Magic number detection for javascript. Let Buddy sniff out the unnamed numerical constants in your code.

Code Quality Rank: L5
Programming language: JavaScript
License: MIT License
Tags: QA Tools     Number     CLI     Detection     Tool     Sniffer     Detect     Constant     Magic    
Latest version: v0.9.3

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Magic number detection for javascript. Let Buddy sniff out the unnamed numerical constants in your code.

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We all know magic numbers are frowned upon as a programming practice. They may give no indication of their meaning, and when used multiple times, can result in future inconsistencies. They can expose you to the risk of typos, hinder maintenance and have an impact on readability. That's where Buddy comes in.

Buddy is a cli tool that's eager to find the magic numbers in your code. It accepts a list of paths to parse, and renders any found instances with the selected reporter. In the case of directories, they're walked recursively, and only .js files are analyzed. Any node_modules dirs are also ignored.

Since const is not widespread in JavaScript, it defaults to searching for numbers which are not the sole literal in an object expression or variable declaration. Furthermore, specific values can be ignored, such as 0 and 1, which are ignored by default.


Who's a good boy?

What are magic numbers?

Magic numbers are unnamed numerical constants, though the term can sometimes be used to refer to other literals as well. Take the following contrived example:

function getTotal(subtotal) {
  var beforeTax = subtotal + 9.99;
  return beforeTax + (beforeTax * 0.13);

In the above function, the meaning of the two numbers might not be clear. What is this 9.99 charge? In our case, let's say it's a shipping rate. And what about the 0.13? It's the sales tax. Buddy will highlight those two instances:

$ buddy example.js

example.js:2 | var beforeTax = subtotal + 9.99;
example.js:3 | return beforeTax + (beforeTax * 0.13);

 2 magic numbers found across 1 file

If the tax rate was used in multiple locations, it's prone to human error. And it might not be immediately clear that the 9.99 charge is a flat rate shipping cost, which can affect maintenance. So how would this be improved?

var SALES_TAX = 0.13;

function getTotal(subtotal) {
  var beforeTax = subtotal + FLAT_SHIPPING_COST;
  return beforeTax + (beforeTax * SALES_TAX);

Or, depending on your target platforms or browsers, by using the const keyword for variable declaration instead of var. While const is available in Node, you should take note of its browser compatibility for front end JavaScript.

$ buddy example.js

 No magic numbers found across 1 file


It can be installed via npm using:

npm install -g buddy.js

Also available: grunt-buddyjs, and gulp-buddy.js


Usage: buddy [options] <paths ...>


  -h, --help                             output usage information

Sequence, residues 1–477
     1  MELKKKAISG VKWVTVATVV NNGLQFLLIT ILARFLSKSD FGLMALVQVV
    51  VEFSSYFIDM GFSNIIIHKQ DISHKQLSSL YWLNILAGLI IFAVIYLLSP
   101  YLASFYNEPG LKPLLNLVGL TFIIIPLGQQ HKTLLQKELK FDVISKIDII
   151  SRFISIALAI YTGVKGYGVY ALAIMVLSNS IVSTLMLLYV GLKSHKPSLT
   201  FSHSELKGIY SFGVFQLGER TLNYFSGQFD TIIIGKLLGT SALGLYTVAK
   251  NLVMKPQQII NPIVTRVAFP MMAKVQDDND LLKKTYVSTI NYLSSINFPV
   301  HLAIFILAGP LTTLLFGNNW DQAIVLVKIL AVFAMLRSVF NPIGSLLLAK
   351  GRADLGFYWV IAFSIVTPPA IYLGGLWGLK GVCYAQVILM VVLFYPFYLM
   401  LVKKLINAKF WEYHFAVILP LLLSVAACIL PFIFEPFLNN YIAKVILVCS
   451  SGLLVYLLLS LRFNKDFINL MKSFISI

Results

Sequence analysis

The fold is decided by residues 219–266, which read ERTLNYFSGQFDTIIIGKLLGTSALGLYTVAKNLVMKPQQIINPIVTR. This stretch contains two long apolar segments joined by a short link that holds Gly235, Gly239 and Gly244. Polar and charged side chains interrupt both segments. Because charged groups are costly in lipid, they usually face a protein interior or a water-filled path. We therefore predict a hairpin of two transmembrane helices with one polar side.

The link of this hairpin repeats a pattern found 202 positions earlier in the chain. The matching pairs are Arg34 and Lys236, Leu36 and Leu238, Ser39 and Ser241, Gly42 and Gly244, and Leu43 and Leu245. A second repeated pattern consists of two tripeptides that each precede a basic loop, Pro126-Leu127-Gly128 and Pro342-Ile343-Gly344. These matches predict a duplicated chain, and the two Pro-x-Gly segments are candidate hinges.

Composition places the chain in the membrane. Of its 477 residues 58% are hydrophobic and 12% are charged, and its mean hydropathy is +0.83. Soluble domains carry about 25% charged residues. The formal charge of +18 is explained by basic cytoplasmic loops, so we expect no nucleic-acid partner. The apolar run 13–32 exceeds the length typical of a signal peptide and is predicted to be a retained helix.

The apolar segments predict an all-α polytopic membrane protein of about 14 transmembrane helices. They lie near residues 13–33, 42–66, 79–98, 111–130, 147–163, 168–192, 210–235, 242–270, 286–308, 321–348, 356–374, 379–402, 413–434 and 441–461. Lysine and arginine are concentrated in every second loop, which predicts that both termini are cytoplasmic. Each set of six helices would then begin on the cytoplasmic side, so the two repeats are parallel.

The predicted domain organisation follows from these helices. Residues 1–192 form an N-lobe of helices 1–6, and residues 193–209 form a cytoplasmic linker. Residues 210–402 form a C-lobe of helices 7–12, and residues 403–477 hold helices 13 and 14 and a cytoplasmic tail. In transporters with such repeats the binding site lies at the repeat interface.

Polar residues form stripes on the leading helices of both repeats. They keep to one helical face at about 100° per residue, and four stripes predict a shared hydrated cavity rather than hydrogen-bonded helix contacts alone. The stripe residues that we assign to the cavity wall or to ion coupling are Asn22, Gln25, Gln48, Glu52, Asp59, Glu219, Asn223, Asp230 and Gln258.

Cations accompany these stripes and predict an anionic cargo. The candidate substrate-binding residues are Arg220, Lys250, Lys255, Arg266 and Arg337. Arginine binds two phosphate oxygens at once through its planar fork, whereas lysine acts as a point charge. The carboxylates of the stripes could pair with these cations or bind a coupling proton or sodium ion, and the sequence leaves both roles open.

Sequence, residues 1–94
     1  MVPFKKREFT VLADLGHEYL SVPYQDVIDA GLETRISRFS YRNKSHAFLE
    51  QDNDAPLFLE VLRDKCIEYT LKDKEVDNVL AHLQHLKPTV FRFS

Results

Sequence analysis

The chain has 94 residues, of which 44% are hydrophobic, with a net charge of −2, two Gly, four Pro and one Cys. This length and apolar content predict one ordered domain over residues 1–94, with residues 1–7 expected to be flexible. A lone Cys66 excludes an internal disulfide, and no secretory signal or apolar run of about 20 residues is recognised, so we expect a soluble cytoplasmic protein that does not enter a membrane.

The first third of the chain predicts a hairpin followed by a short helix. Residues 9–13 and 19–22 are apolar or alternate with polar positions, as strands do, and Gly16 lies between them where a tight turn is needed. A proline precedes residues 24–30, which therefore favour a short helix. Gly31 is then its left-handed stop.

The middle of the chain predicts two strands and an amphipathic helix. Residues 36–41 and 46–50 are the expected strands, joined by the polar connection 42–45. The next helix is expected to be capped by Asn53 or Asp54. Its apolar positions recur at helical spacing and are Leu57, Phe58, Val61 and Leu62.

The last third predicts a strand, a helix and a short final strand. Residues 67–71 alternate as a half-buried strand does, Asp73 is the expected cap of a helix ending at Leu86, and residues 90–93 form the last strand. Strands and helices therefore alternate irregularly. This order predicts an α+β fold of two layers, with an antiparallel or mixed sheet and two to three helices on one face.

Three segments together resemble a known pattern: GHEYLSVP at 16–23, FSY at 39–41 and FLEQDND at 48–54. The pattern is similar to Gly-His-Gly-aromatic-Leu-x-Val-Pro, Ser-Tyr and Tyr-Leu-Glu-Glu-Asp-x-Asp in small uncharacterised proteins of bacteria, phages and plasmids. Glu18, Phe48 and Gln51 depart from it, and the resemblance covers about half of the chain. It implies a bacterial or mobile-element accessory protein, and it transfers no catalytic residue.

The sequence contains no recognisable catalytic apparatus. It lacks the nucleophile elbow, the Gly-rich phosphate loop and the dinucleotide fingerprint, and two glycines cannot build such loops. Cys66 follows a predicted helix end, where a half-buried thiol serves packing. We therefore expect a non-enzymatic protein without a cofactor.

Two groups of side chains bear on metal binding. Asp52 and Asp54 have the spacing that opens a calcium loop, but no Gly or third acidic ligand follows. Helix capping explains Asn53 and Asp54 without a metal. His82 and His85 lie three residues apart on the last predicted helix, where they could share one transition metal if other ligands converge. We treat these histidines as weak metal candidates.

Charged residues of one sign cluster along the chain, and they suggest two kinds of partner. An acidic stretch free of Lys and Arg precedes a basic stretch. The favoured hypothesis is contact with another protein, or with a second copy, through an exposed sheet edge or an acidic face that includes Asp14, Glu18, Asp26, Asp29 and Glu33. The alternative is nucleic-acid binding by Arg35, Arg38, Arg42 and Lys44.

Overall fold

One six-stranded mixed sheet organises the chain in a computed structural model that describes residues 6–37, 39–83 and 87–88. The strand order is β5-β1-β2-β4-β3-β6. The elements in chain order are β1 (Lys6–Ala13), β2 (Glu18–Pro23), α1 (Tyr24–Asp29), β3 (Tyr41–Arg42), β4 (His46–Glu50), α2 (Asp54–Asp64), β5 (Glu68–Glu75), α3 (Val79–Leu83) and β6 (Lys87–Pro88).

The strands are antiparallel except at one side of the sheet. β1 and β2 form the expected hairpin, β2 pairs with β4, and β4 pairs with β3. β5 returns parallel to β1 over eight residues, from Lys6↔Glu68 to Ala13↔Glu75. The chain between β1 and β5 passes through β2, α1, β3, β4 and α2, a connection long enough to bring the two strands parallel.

-V, --version                          output the version number
  -d, --detect-objects                   detect object expressions and properties
  -e, --enforce-const                    require literals to be defined using const
  -i, --ignore <numbers>                 list numbers to ignore (default: 0,1)
  -I, --disable-ignore                   disables the ignore list
  -r, --reporter [simple|detailed|json]  specify reporter to use (default: simple)
  -C, --no-color                         disables colors

If a .buddyrc file is located in the project directory, its values will be used in place of the defaults listed above. For example:

  "detectObjects": false,
  "enforceConst":  false,
  "ignore":        [0, 1, 2], // Use empty array to disable ignore
  "reporter":      "detailed"


You can easily run Buddy on your library source as part of your build. It will exit with an error code of 0 when no magic numbers were found. Otherwise it will return a positive error code, and result in a failing build. For example, with Travis CI, you can add the following two entries to your .travis.yml:

  - "npm install -g buddy.js"

  - "buddy ./path/to/src"


For additional context, try using the detailed reporter. Or, for logging output and integration with your quality assurance process, the json reporter can be used.


Ignoring numbers

A magic number can be ignored in any of three ways:

  1. Its value is ignored using the --ignore flag
  2. The line includes the following comment buddy ignore:line
  3. The line is located between a buddy ignore:start and buddy ignore:end

Given the following example, two magic numbers exist that could be ignored:

var SECOND = 1000;
var MINUTE = 60 * SECOND;
var HOUR = 60 * MINUTE;

Using the command line option, you can run buddy with: buddy example.js --ignore 60. Or, if preferred, you can specify that the instances be ignored on a case-by-case basis:

var SECOND = 1000;
var MINUTE = 60 * SECOND; // buddy ignore:line
var HOUR = 60 * MINUTE; // buddy ignore:line

Or better yet, you can make use of directives to ignore all magic numbers within a range:

// buddy ignore:start
var SECOND = 1000;
var MINUTE = 60 * SECOND;
var HOUR = 60 * MINUTE;
// buddy ignore:end